Catlab.jl is a framework for applied and computational category theory, written in the Julia language. Catlab provides a programming library and interactive interface for applications of category theory to scientific and engineering fields. It emphasizes monoidal categories due to their wide applicability but can support any categorical structure that is formalizable as a generalized algebraic theory.

What is Catlab?

Catlab is, or will eventually be, the following things.

Programming library: First and foremost, Catlab provides data structures, algorithms, and serialization for applied category theory. Macros offer a convenient syntax for specifying categorical doctrines and type-safe symbolic manipulation systems. Wiring diagrams (aka string diagrams) are supported through specialized data structures and can be serialized to and from GraphML (an XML-based format) and JSON.

Interactive computing environment: Catlab can also be used interactively in Jupyter notebooks. Symbolic expressions are displayed using LaTeX and wiring diagrams are visualized using Compose.jl, Graphviz, or TikZ.

Computer algebra system: Catlab will serve as a computer algebra system for categorical algebra. Unlike most computer algebra systems, all expressions are typed using fragment of dependent type theory called generalized algebraic theories. We will implement core algorithms for solving word problems and reducing expressions to normal form with respect to several important doctrines, such as those of categories and of symmetric monoidal categories. For the computer algebra of classical abstract algebra, see AbstractAlgebra.jl and Nemo.jl.

What is Catlab not?

Catlab is not currently any of the following things, although we do not rule out that it could eventually evolve in these directions.

Automated theorem prover: Although there is some overlap between computer algebra and automated theorem proving, Catlab cannot be considered a theorem prover because it does not produce formal certificates of correctness (aka proofs).

Proof assistant: Likewise, Catlab is not a proof assistant because it does not produce formally verifiable proofs. Formal verification is not within scope of the project.

Graphical user interface: Catlab does not provide a wiring diagram editor or other graphical user interface. It is primarily a programming library, not a user-facing application. However, there is another project in the AlgebraicJulia ecosystem, Semagrams.jl which does provide graphical user interfaces for interacting with wiring diagrams, Petri nets, and the like.

What is a GAT?

Generalized Algebraic Theories (GATs) are the backbone of Catlab so let's expand a bit on GATs and how they fit into the bigger picture of algebra.

An algebraic structure, like a group or category, is a mathematical object whose axioms all take the form of equations that are universally quantified (the equations have no exceptions). That’s not a formal definition but it’s a good heuristic. There are different ways to make this precise. The oldest, going back to universal algebra in the early 20th centrury, are algebraic theories.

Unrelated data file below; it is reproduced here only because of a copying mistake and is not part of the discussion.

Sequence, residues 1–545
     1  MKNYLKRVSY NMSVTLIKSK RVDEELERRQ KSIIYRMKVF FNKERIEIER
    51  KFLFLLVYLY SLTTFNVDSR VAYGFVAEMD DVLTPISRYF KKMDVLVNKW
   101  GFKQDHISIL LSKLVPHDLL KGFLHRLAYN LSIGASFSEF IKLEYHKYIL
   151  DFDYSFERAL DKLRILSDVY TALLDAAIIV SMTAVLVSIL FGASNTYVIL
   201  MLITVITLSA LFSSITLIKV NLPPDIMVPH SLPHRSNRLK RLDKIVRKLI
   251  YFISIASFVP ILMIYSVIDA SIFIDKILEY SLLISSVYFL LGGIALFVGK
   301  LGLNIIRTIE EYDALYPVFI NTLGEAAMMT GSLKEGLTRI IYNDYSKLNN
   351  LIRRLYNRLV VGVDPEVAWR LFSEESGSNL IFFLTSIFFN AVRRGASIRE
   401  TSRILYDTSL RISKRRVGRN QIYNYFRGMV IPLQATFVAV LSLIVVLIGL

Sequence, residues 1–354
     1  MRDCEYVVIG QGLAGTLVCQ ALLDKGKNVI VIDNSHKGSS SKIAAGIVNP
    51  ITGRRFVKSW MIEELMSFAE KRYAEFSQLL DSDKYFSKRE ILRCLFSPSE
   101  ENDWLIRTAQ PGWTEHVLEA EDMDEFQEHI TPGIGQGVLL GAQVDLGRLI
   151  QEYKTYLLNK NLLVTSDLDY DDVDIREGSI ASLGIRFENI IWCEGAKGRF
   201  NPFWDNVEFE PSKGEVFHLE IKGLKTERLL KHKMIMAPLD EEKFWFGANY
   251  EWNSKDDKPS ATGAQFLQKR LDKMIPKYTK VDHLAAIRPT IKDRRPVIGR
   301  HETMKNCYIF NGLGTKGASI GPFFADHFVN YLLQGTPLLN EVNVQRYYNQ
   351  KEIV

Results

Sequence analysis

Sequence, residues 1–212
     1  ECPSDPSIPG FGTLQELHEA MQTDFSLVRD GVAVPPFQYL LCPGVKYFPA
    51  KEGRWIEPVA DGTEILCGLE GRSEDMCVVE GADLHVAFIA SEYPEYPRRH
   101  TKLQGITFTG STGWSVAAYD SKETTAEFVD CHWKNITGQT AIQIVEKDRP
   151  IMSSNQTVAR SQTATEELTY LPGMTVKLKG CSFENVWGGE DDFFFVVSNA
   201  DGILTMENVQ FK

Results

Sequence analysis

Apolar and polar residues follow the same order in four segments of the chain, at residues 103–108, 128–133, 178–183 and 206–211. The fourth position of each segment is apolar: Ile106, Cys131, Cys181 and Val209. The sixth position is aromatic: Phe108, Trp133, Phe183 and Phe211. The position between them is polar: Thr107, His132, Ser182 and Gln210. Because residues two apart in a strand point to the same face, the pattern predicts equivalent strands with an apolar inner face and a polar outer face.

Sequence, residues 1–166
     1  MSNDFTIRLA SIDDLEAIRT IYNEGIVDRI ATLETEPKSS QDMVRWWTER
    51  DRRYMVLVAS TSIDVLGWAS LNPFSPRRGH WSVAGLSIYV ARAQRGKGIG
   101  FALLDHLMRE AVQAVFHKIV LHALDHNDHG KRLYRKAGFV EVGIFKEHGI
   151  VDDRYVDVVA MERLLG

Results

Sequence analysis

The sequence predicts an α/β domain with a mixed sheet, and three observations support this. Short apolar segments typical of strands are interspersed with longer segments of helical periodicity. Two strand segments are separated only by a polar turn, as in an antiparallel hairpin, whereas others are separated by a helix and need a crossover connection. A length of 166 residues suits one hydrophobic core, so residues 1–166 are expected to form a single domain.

Universal algebra (sometimes called general algebra) is the field of mathematics that studies algebraic structures themselves, not examples ("models") of algebraic structures. For instance, rather than take particular groups as the object of study, in universal algebra one takes the class of groups as an object of study. In an algebraic theory, you have a collection of (total) operations and they obey a set of equational axioms. Classically, there is only a single generating type, but there are also typed or multi-sorted versions of algebraic theories. Most of the classical structures of abstract algebra, such as groups, rings, and modules, can be defined as algebraic theories.

Importantly, the theory of categories is not algebraic. In other words, a category cannot be defined as a (multi-sorted) algebraic theory. The reason is that the operation of composition is partial, since you can only compose morphisms with compatible (co)domains. Now, categories sure feel like algebraic structures, so people have come up with generalizations of algebraic theories that accomodate categories and related structures.

The first of these was Freyd’s essentially algebraic theories. In an essentially algebraic theory, you can have partially defined operations; however, to maintain the equational character of the system, the domains of operations must themselves be defined equationally. For example, the theory of categories would be defined as having two types, Ob and Hom, and the composition operation compose(f::Hom,g::Hom)::Hom would have domain given by the equation codom(f) == dom(g). As your theories get more elaborate, the sets of equations defining the domains get more complicated and reasoning about the structure is overwhelming.